It isn’t what happened to Mr. de la Cruz that mattered so much. It is because it happened to him that he chose start living his life for others, and in living his life for others he became more open to the possibility of God and when his time came, he was in the right place to accept him.

Only through faith can we accept the complexity of God’s plan. Jesus died young, but plenty of good people haven’t. If our only goal is to get into heaven, we live for ourselves and, sometimes, even want to die young in order to be with God sooner. If our goal is to help others get into heaven, we become part of the overall purpose of God’s plan and our own destiny takes care of itself.

So my roundabout answer to your question, “What’s up with that?”: Who knows? There are so many questions that demand answers. Without knowing the fullness of God’s plan, it’s hard to make sense of a world where suffering is inherent and death is the great equalizer. Perhaps we don’t need answers as much as we need to find peace. So for me, it’s not the “when” that’s important, it’s the “how.” And loving and serving others is the most important how there is.


Anonymous said...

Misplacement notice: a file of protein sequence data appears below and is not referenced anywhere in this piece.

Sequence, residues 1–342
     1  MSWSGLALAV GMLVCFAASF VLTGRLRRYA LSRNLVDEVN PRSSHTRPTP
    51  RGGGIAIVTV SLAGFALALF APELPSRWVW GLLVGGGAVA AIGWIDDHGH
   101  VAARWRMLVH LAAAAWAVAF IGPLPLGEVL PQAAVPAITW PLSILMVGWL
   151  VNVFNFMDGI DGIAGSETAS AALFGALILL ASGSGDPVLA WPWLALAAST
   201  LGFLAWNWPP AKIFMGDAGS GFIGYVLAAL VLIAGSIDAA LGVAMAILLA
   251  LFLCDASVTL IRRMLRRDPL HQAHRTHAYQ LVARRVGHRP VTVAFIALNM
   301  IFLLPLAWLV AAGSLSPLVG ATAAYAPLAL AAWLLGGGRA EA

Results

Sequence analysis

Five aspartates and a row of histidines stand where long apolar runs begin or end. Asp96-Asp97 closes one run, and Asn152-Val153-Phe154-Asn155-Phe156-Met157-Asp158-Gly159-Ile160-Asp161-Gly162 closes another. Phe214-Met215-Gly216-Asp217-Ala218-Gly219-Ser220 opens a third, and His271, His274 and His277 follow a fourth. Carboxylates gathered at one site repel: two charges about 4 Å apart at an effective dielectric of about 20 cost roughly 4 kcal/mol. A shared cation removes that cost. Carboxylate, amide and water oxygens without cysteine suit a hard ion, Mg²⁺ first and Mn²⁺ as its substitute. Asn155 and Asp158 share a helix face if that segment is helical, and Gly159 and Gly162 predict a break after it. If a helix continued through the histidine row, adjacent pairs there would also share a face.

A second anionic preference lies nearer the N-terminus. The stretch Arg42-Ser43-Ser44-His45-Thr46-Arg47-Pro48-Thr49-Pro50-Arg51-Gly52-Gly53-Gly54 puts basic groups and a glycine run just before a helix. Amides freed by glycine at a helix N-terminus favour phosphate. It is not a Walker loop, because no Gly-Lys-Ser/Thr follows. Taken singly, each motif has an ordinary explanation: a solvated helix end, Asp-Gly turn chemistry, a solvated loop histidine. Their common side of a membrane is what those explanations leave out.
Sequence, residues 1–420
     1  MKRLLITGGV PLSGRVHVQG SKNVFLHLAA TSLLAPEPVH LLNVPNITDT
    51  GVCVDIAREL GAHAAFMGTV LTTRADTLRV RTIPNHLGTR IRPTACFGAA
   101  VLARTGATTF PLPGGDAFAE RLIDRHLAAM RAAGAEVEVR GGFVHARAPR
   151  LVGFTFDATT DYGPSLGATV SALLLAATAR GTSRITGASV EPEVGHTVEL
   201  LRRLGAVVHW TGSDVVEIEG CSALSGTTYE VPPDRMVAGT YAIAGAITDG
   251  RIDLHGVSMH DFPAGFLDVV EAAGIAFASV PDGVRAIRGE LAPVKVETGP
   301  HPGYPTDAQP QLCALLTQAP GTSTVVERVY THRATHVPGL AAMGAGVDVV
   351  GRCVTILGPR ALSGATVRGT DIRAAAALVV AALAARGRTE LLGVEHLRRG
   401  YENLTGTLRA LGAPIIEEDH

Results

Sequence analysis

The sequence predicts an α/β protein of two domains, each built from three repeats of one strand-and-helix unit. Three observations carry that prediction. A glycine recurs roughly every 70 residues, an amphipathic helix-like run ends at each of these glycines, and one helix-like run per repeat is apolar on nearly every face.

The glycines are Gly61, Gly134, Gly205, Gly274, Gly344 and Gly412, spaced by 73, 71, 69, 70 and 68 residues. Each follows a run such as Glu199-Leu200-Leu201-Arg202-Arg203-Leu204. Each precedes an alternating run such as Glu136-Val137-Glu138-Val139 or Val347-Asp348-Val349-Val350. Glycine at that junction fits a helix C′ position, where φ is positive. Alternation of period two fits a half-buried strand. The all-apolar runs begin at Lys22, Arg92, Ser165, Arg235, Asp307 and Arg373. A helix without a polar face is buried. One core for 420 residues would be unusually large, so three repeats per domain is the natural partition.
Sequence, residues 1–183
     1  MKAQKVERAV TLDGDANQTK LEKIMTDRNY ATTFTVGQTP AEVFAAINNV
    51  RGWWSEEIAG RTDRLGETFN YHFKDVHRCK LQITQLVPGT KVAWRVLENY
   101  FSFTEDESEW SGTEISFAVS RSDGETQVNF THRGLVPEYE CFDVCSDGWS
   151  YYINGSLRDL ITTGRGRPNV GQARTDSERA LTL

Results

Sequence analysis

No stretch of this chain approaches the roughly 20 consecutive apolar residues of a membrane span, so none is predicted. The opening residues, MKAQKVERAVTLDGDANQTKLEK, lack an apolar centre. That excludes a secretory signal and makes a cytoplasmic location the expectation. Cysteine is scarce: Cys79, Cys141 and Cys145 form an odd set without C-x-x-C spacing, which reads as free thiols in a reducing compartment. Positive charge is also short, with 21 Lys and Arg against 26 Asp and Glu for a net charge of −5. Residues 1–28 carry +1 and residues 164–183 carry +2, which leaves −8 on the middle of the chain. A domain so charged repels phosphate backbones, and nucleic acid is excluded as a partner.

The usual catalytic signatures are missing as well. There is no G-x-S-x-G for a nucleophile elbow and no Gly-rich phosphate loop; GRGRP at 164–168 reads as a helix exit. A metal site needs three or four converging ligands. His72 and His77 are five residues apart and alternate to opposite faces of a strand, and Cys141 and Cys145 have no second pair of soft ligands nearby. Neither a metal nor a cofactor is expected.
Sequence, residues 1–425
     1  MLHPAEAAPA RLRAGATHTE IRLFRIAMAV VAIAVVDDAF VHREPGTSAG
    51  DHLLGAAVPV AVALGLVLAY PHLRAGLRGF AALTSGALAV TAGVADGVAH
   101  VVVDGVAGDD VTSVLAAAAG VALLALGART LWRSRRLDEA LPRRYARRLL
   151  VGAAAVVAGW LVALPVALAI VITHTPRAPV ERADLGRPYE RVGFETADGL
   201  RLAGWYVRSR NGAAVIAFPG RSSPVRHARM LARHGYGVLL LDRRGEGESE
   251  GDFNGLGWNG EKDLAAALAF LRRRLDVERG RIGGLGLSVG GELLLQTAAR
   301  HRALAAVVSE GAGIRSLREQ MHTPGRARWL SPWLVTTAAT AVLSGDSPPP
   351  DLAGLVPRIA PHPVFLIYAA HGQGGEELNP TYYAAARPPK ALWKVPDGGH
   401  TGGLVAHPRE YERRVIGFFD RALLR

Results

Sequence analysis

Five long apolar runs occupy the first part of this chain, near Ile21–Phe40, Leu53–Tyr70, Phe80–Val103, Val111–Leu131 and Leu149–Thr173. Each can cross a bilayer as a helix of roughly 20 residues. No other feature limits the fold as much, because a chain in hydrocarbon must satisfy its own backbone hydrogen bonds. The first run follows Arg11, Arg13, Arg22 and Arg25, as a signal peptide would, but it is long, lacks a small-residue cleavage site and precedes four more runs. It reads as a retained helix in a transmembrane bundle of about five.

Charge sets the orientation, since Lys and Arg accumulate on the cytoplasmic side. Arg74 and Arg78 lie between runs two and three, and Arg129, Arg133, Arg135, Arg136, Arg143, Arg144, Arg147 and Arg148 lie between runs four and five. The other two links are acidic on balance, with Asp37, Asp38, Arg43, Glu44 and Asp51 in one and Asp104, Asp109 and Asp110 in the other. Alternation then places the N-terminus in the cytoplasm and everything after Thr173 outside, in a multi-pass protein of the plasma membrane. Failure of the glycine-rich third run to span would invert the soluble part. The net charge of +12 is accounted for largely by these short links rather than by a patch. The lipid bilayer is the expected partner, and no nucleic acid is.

J.F. your writing is extremely powerful! Thank you especially for your commentary on the Prodigal Son. You said, "Doesn’t seem fair, but this reveals more about the good son than the bad, in that he was being good for the sake of his own reward and therefore resented those who didn’t work as hard as he did." J.F. you capture very well what many "good sons" believe about the poor “bad” homeless. These poverty-stricken women and men are resented by many elite because according to the Gospel, (the Good News) - more than likely the homeless will beat most of the rich and powerful into heaven. They have obtained brokenness and humility, the keys to seeing God the Father. Lord, may we all be so wealthy.

LS said...

Last week I was in a retreat and we spent a week discussing suffering. The conversations were extremely inspiring; everyone suffers it's a matter of degree and a matter of awareness to the suffering. No matter who we are we share suffering in common and it is something we share with Jesus. I've been reading the daily readings for mass a lot more and I am so struck by how much Jesus was one of us. Someone described Jesus on the cross as an embrace as if he wants to console you when you suffer because he's been there with you. This image is something I have to hang on to, it's the reason for my faith.

r.s. said...

I read all of your comments completely.

My computer is tear-stained now. Thanks all of you for helping me. Thankfulness to God, serving others and peace make sense to me.